Tips for Taps Blog

Black gunk on faucest and fixtures - Explanation

What’s The Black Gunk on My Fixtures?!


Sludge...slime...gunk—whatever you call it, you probably don’t want it near your drinking water. It’s sticky, it often smells, and it can leave you puzzled.

Black residue on faucets and fixtures is a very common problem and we’re here to answer:

  • What causes black slime buildup?
  • Is black slime on fixtures dangerous?
  • How can you get rid of the black gunk?

What Causes Black Slime on a Faucet?

Before we get into the exact cause of the gross gunk, let’s take a step back and look at what flows from the tap. Along with H2O, tap water often contains dissolved minerals and metals. Two of these metals are iron and manganese.

Iron and manganese are both naturally occurring, non-hazardous elements found throughout the earth’s crust. As water travels through the ground, it can dissolve soil and rocks containing these elements and then hold them in solution. Most drinking water contains traces of dissolved iron and manganese. 

Iron and manganese in drinking water are not known to have any health impacts. However, elevated concentrations of either can be a nuisance in water supplies–producing an unpleasant taste and off-putting odor. [1] 

Because iron and manganese are chemically similar, they often create similar aesthetic problems. These include black film, gunk, or sludge. The sticky, slimy, stinky residue can make itself at home nearly anywhere water flows in your home.

Whether it accumulates in the faucet aerator, around the tub drain, inside the toilet tank, or even inside your tea kettle, black slime is usually due to bacteria that feeds on oxidized iron and manganese in your water supply. [2]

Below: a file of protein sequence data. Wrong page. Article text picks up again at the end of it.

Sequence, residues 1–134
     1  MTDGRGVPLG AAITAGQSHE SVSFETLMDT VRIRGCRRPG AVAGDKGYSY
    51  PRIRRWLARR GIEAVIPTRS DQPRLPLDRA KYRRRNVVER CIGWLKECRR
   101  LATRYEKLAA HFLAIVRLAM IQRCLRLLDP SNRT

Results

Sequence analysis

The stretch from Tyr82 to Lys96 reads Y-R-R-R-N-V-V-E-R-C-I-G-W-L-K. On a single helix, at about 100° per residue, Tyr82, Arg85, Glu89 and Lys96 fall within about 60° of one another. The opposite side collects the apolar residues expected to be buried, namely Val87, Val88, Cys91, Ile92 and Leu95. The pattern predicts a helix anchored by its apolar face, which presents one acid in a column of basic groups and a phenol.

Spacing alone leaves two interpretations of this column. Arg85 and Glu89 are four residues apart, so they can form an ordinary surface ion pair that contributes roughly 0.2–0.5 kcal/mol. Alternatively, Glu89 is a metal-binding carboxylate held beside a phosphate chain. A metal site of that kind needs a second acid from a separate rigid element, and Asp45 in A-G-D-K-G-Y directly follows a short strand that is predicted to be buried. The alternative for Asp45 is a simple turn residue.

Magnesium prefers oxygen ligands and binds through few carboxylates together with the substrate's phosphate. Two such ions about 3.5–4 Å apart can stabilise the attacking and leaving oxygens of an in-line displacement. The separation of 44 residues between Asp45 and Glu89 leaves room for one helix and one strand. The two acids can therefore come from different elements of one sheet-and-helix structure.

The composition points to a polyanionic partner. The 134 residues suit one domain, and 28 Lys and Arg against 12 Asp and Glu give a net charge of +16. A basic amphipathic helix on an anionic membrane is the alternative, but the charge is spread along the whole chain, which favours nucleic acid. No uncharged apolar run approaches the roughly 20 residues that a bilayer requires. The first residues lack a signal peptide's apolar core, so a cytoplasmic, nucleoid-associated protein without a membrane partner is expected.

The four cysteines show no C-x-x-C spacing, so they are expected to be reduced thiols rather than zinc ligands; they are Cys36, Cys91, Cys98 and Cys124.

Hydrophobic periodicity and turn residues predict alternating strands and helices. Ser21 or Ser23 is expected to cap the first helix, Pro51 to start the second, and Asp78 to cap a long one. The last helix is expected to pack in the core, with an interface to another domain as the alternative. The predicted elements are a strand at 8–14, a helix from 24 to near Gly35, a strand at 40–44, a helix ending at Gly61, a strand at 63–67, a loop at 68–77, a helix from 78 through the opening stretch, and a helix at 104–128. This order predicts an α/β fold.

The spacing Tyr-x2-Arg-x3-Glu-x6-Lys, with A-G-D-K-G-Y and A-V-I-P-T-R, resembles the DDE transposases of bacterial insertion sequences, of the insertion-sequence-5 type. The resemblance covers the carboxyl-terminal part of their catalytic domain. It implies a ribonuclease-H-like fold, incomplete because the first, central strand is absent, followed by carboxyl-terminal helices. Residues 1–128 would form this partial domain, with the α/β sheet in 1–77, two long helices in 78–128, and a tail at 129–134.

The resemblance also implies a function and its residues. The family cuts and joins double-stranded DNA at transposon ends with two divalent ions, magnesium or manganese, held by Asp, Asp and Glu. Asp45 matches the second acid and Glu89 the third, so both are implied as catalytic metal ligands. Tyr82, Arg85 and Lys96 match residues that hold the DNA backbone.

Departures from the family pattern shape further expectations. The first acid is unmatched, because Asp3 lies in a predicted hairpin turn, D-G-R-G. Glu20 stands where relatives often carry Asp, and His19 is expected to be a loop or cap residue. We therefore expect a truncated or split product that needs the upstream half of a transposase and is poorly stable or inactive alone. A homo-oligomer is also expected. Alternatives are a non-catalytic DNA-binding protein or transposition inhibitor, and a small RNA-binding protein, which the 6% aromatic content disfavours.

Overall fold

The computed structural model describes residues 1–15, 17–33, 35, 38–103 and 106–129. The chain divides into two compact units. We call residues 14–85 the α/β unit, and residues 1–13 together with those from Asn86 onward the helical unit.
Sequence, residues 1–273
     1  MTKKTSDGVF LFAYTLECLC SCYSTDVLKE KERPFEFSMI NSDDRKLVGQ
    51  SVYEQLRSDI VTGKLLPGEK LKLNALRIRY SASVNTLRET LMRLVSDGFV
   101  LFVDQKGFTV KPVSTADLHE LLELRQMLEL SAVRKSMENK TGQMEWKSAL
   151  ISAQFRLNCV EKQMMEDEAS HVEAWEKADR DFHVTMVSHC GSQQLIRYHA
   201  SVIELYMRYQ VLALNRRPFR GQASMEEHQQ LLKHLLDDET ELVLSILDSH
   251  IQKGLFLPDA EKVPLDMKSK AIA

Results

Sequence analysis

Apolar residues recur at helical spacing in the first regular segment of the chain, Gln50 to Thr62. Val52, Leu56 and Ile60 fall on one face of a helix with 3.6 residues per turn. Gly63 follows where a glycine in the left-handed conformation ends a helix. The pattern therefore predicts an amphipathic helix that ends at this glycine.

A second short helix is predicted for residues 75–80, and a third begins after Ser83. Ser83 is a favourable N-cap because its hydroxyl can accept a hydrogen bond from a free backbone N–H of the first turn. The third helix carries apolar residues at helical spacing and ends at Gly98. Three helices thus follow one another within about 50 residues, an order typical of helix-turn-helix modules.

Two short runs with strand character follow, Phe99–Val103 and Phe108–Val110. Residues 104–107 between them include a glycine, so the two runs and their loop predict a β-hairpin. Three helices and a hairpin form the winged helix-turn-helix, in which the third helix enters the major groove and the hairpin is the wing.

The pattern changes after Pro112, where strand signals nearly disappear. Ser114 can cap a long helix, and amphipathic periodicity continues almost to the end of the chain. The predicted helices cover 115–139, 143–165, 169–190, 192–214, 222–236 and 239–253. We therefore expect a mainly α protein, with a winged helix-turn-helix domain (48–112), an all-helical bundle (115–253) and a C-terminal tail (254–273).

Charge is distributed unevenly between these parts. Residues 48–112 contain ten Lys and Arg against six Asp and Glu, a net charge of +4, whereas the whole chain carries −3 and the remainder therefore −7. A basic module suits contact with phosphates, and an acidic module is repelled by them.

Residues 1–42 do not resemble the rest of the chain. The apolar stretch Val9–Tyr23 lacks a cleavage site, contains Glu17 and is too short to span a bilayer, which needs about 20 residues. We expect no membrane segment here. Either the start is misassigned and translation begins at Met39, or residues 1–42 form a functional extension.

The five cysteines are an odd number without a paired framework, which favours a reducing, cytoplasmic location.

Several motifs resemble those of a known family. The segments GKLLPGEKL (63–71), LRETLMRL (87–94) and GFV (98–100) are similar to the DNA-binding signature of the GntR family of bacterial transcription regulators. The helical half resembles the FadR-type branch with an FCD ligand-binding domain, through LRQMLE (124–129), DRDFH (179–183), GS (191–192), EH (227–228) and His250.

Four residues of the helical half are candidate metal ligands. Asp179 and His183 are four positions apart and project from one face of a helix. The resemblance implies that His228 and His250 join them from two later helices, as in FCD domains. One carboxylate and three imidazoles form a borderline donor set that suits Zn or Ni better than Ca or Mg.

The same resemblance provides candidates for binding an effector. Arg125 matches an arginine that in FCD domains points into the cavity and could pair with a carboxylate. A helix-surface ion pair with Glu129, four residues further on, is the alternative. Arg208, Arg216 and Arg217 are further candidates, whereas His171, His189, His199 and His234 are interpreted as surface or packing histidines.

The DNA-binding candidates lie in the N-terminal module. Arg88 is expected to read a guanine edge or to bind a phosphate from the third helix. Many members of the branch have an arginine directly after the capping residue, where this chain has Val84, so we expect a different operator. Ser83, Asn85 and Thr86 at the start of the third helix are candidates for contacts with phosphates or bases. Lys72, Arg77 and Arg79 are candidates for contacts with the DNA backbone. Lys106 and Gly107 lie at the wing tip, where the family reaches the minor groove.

Is Black Slime on Fixtures Dangerous?

There are no federal primary drinking water standards set for either manganese or iron because their presence in drinking water is not associated with health effects.[3] However, there are regulations regarding secondary standards for both.These standards are set to fight nuisance problems (e.g. black slime) and aesthetic issues (i.e. taste, odor, color).

Manganese and Manganese-related Bacteria:

The U.S. EPA recommends maintaining a manganese concentration at or below 0.05 parts per million (PPM) in drinking water.[4] Neither manganese nor manganese-related bacteria are considered dangerous at the levels that typically occur in drinking water.[5] Manganese exposure from water and food (our largest source of exposure) are not known to have a negative health effect.

In fact, manganese is an essential nutrient and is required by the human body in small amounts. Similarly, manganese bacteria is categorized as non-pathogenic.[6] Some evidence does suggest that if manganese is inhaled in high concentrations over time, it can lead to neurological issues—but this is rare and not caused by drinking water. [7]

Iron and Iron-related Bacteria:

Like manganese, iron (and related bacteria) are not dangerous to human health.[8] Drinking water standards for iron are set based on potential nuisance and/or aesthetic issues. The EPA recommends a secondary maximum contaminant level (SMCL) of iron in tap water at >0.3 PPM.

While iron-related bacteria often produce reddish-brown slime, when they react with naturally occurring tannins (organic matter from vegetation) it frequently forms black, sludgy residue. This is why many people spot black slime inside their tea pots–as tea contains a high concentration of tannins.

How Do I Know if There Is Iron or Manganese in My Water?

The only sure-fire way to know what is in your water is to test it. Choose a test according to your water source. All Core kits include iron and manganese:

While most contaminants are best tested in a lab, there are some things that are well-suited to be tested for at home... such as iron-related bacteria. We have an at-home iron bacteria test as an available add-on to any of our testing packages.